Advertisement

Exometabolomic Mapping of Caenorhabditis elegans: A Tool to Noninvasively Investigate Aging

  • Robert J. Mishur
  • Jeffrey A. Butler
  • Shane L. Rea
Protocol
Part of the Methods in Molecular Biology book series (MIMB, volume 1048)

Abstract

Metabolomic analyses can provide valuable information about the internal metabolism of an organism; however, these studies can become quickly complicated by the large number of metabolites that are often detected. Overcoming this limitation requires high-resolution analytical separation techniques, coupled with high-power deconvolution software. Additionally, much care must be taken in metabolomic sample preparation to quench active enzymes and avoid artifactual changes in the metabolome. Here we present a relatively simple and straightforward technique, exometabolome mapping, which bypasses each of these concerns, is noninvasive, and provides a concise summary of the key metabolic processes operative in an organism. We illustrate our method using the nematode C. elegans, an organism which has been widely exploited in aging studies; however, with only minimal modification, our technique is extendible to other sample types, and indeed we have successfully used it both to perform yeast footprinting and to study the excreted metabolic end products of human kidney cancer cell lines.

Key words

Metabolomics Metabonomics Aging Exometabolome mapping Caenorhabditis elegans 

Notes

Acknowledgements

The authors gratefully acknowledge Kevin Hakala and Sue Weintraub of the Institutional Mass Spectrometry Laboratory of the University of Texas Health Science Center at San Antonio for their assistance in the development of GC-MS methods. Financial support was provided by the National Institute on Aging (to R.J.M. and S.L.R.) and the Ellison Medical Foundation (S.L.R.).

References

  1. 1.
    Falk MJ, Zhang Z, Rosenjack JR, Nissim I, Daikhin E, Sedensky MM, Yudkoff M, Morgan PG (2008) Metabolic pathway profiling of mitochondrial respiratory chain mutants in C. elegans. Mol Genet Metab 93:388–397. doi: 10.1016/j.ymgme.2007.11.007 PubMedCrossRefGoogle Scholar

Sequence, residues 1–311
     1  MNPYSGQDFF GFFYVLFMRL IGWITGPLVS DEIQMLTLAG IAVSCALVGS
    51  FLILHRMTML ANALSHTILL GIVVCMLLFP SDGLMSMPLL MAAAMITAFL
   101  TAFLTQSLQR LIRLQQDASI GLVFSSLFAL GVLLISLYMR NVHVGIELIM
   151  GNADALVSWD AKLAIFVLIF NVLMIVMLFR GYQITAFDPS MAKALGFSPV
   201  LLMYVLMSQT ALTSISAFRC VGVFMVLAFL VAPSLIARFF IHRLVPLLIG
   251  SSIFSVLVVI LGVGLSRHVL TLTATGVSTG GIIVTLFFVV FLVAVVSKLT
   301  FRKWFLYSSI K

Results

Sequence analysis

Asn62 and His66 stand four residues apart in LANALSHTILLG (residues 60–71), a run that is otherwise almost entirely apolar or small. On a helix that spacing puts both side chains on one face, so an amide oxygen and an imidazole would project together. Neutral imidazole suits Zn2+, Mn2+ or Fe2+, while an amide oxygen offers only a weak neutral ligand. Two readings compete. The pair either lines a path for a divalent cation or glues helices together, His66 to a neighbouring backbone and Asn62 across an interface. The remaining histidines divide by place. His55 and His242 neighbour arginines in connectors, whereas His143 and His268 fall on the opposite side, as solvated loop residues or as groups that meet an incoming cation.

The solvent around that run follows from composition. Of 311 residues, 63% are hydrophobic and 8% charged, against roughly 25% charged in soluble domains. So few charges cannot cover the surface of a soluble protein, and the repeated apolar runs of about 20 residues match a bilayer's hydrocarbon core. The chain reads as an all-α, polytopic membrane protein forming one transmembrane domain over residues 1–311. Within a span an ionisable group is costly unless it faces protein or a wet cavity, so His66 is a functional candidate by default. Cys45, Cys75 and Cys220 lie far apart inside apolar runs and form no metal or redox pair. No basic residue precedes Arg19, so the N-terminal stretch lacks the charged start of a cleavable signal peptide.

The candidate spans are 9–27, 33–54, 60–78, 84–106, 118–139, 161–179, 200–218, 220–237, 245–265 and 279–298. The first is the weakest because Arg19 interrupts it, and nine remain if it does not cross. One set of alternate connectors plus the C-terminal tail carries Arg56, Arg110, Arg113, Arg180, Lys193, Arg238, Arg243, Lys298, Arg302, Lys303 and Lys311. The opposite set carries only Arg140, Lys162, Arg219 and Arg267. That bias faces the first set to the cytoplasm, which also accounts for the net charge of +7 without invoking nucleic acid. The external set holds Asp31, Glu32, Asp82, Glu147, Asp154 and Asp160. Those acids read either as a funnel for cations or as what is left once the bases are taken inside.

2. 2.
    Rea SL, Graham BH, Nakamaru-Ogiso E, Kar A, Falk MJ (2010) Bacteria, yeast, worms, and flies: exploiting simple model organisms to investigate human mitochondrial diseases. Dev Disabil Res Rev 16:200–218PubMedCrossRefGoogle Scholar
  3. 3.
    Fontana L, Partridge L, Longo VD (2010) Extending healthy life span-from yeast to humans. Science 328:321–326. doi: 10.1126/science.1172539 PubMedCrossRefGoogle Scholar
  4. 4.
    Yuan J, Horvitz HR (1990) The Caenorhabditis elegans genes ced-3 and ced-4 act cell autonomously to cause programmed cell death. Dev Biol 138(1):33–41. doi: 10.1016/0012-1606(90)90174-h PubMedCrossRefGoogle Scholar
  5. 5.
    Liu DW, Thomas JH (1994) Regulation of a periodic motor program in C. elegans. J Neurosci 14:1953–1962PubMedGoogle Scholar
  6. 6.
    Gems D, Riddle DL (2000) Defining wild-type life span in Caenorhabditis elegans. J Gerontol A Biol Sci Med Sci 55(5):B215–B219PubMedCrossRefGoogle Scholar
  7. 7.
    Felkai S, Ewbank JJ, Lemieux J, Labbe JC, Brown GG, Hekimi S (1999) CLK-1 controls respiration, behavior and aging in the nematode Caenorhabditis elegans. EMBO J 18(7):1783–1792. doi: 10.1093/emboj/18.7.1783 PubMedCrossRefGoogle Scholar
  8. 8.
    Lakowski B, Hekimi S (1996) Determination of life-span in Caenorhabditis elegans by four Clock genes. Science 272(5264):1010–1013. doi: 10.1126/science.272.5264.1010 PubMedCrossRefGoogle Scholar
  9. 9.
    Feng J, Bussiere F, Hekimi S (2001) Mitochondrial electron transport is a key determinant of life span in Caenorhabditis elegans. Dev Cell 1(5):633–644. doi: 10.1016/s1534-5807(01)00071-5 PubMedCrossRefGoogle Scholar
  10. 10.
    Yang W, Hekimi S (2010) Two modes of mitochondrial dysfunction lead independently to lifespan extension in Caenorhabditis elegans. Aging Cell 9(3):433–447. doi: 10.1111/j.1474-9726.2010.00571.x PubMedCrossRefGoogle Scholar
  11. 11.
    Iser WB, Wolkow CA (2007) DAF-2/insulin-like signaling in C. elegans modifies effects of dietary restriction and nutrient stress on aging, stress and growth. PLoS One 2(11). doi: 10.1371/journal.pone.0001240
  12. 12.
    Butler JA, Ventura N, Johnson TE, Rea SL (2010) Long-lived mitochondrial (Mit) mutants of Caenorhabditis elegans utilize a novel metabolism. FASEB J 24:4977–4988. doi: 10.1096/fj.10-162941 PubMedCrossRefGoogle Scholar
  13. 13.
    Lakowski B, Hekimi S (1998) The genetics of caloric restriction in Caenorhabditis elegans. Proc Natl Acad Sci U S A 95:13091–13096. doi: 10.1073/pnas.95.22.13091 PubMedCrossRefGoogle Scholar
  14. 14.
    Hiller K, Hangebrauk J, Jager C, Spura J, Schreiber K, Schomburg D (2009) MetaboliteDetector: comprehensive analysis tool for targeted and nontargeted GC/MS based metabolome analysis. Anal Chem 81(9):3429–3439. doi: 10.1021/ac802689c PubMedCrossRefGoogle Scholar
  15. 15.
    Xia J, Psychogios N, Young N, Wishart DS (2009) MetaboAnalyst: a web server for metabolomic data analysis and interpretation. Nucleic Acids Res 37:W652–W660. doi: 10.1093/nar/gkp356 PubMedCrossRefGoogle Scholar
  16. 16.
    Butler JA, Mishur RJ, Bokov AF, Hakala KW, Weintraub ST, Rea SL (2012) Profiling the anaerobic response of C. elegans using GC-MS. PLoS One 7(9):e46140PubMedCrossRefGoogle Scholar

Copyright information

© Springer Science+Business Media, New York 2013

Authors and Affiliations

  • Robert J. Mishur
    • 1
  • Jeffrey A. Butler
    • 1
  • Shane L. Rea
    • 1
  1. 1.Barshop Institute for Longevity and Aging StudiesUniversity of Texas Health Science Center at San AntonioSan AntonioUSA

Personalised recommendations